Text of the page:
Category Archives: Business

Castro’s death moves Cuba farther into the market for Arkansas rice, ideas

By Steve Brawner
© 2016 by Steve Brawner Communications, Inc.

Fidel Castro is dead. How does that affect people in Arkansas? Maybe a lot, especially if they work in the rice industry or are elected to represent people who do.

Cuba’s 11 million people import 400,000 tons of rice each year, mostly from Vietnam, which means the rice arrives after a long boat ride from a country on the other side of the globe. Rep. Rick Crawford’s eastern Arkansas 1st District includes half of America’s rice acreage, so it’s understandable that his reaction to Castro’s death focused on the future, not the past.

“Fidel Castro’s death is an opportunity for America to end its ineffective policies so we can influence the future direction of that nation,” he tweeted, then added, “Through my own visits to Cuba I’ve seen people ready for change. With Fidel dead, America needs to help lead Cuba toward a better future.”

In West Memphis, it’s all connected

Junior Jeremy Paige is learning to become an aircraft mechanic, while senior Summer Abram plans to use the skills she learned in high school as a diesel mechanic to pay her way through school as she becomes a psychologist.
Junior Jeremy Paige is learning to become an aircraft mechanic, while senior Summer Abram plans to use the skills she learned in high school as a diesel mechanic to pay her way through school as she becomes a psychologist.
By Steve Brawner
© 2016 by Steve Brawner Communications, Inc.

The late Lt. Governor Win Rockefeller used to say that the education system is like a string of water pipes laid end to end but not connected. In West Memphis, they’re connected.

The high school, known as the Academies at West Memphis, has a conversion charter, which is an arrangement with the Arkansas Department of Education where some of the usual rules don’t apply and the school can experiment and innovate.

Arkansans of the year

arkansasFlagBy Steve Brawner
© 2015 by Steve Brawner Communications, Inc.

Time magazine names a “Person of the Year.” Sports Illustrated has a “Sportsperson of the Year.” Who are the Arkansans of the year?

In politics, it’s not even close. On issue after issue, Gov. Asa Hutchinson either achieved his objectives or appointed a study commission to buy time to achieve his objectives. He wants to continue but change the private option, the controversial program that uses Medicaid dollars to buy insurance for lower-income Arkansans, so he asked the Legislature to fund it two years while a replacement can be found. That’s what’s happened – so far. He and the State Board of Education butted heads over the Common Core-related PARCC exam. He wanted to replace it; the Board wanted to keep it. It’s gone. In the debate over the Religious Freedom Restoration Act, Hutchinson was perhaps the only elected official who pleased (too strong a word?) both sides. His signature education issue, requiring high schools to teach computer coding, has resulted in 4,000 students taking a class. The only downside to Hutchinson’s year is that next year can’t be this good.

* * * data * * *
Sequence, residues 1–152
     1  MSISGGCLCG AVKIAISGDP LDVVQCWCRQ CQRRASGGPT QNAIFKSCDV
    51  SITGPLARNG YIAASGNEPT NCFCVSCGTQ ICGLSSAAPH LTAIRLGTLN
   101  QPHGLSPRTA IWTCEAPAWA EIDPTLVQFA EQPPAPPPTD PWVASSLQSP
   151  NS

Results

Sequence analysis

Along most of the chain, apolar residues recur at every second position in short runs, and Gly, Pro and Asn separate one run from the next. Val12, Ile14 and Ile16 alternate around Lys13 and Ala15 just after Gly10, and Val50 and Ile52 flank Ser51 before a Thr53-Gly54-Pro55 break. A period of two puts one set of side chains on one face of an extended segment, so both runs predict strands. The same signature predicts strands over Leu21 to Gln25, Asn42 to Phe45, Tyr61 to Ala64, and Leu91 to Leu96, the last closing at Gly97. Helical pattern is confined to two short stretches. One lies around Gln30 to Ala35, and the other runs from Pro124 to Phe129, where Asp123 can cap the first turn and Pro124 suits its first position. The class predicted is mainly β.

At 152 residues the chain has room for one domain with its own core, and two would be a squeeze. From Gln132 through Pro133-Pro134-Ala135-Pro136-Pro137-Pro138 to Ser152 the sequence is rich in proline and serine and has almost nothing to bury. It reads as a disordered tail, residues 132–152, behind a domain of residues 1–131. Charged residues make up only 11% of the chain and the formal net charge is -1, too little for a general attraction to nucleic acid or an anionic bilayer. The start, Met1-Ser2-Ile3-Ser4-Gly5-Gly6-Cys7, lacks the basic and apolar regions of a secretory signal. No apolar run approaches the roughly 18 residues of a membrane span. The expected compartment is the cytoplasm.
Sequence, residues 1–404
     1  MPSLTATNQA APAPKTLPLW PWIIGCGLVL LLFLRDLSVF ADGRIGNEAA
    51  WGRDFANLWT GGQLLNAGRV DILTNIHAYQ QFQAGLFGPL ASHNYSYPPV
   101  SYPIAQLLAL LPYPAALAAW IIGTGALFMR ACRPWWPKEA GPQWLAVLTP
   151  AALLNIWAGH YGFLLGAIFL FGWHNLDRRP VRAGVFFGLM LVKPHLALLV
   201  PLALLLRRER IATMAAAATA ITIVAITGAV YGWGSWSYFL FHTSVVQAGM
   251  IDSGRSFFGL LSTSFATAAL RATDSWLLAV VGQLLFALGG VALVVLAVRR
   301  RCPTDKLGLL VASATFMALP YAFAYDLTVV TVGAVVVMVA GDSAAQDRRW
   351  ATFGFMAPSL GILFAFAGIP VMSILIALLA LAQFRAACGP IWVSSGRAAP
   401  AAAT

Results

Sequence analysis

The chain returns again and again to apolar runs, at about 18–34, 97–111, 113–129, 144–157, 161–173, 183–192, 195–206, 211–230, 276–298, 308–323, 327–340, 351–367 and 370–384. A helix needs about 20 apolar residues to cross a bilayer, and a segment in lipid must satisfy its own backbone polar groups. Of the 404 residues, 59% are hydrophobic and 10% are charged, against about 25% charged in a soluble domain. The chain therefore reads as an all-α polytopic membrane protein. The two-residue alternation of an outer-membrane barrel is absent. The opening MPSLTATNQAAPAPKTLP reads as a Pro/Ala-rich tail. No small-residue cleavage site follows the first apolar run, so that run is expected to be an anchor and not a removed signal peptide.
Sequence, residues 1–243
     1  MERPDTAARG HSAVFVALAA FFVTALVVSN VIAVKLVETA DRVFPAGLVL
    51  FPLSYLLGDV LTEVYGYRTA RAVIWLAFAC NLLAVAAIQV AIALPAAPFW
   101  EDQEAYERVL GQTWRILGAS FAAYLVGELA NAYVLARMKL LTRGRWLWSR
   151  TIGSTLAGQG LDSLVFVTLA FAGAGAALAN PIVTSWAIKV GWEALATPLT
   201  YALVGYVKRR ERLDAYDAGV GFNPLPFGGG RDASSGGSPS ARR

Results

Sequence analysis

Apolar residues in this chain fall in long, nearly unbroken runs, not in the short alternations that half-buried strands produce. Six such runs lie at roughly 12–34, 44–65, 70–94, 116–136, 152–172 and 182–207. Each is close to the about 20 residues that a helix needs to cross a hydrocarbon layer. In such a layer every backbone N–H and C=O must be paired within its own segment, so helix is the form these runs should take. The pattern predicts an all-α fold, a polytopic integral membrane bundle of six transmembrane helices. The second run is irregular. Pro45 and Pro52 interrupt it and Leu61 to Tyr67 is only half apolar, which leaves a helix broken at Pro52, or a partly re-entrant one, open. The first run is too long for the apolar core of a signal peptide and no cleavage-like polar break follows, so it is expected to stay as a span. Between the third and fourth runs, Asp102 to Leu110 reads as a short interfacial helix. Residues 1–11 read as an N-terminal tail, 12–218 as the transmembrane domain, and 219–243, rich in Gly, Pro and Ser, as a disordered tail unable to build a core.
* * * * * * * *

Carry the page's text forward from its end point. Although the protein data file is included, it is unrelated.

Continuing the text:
Cuba: Carrots and sticks

By Steve Brawner
© 2015 by Steve Brawner Communications, Inc.

There are two ways in politics to change behavior: power and influence. Power is the stick – using your greater strength to make someone do what you want them to do. Influence is the carrot – encouraging them to want to do it themselves. Sometimes you use both.

We’re somewhere in the middle of all that when it comes to Cuba, as shown in recent weeks by Arkansas’ political leadership.

As a congressman, Gov. Asa Hutchinson supported the Cuban embargo, and as undersecretary of the Department of Homeland Security he was part of an administration that enforced it.

But American policy – and American attitudes – are changing. This summer, President Obama announced the two countries were re-opening diplomatic relations that had ended in 1961. Many people who usually disagree with him don’t this time, including many Arkansans. The U.S. embassy is now open there, though the 55-year-old trade embargo will remain until Congress ends it.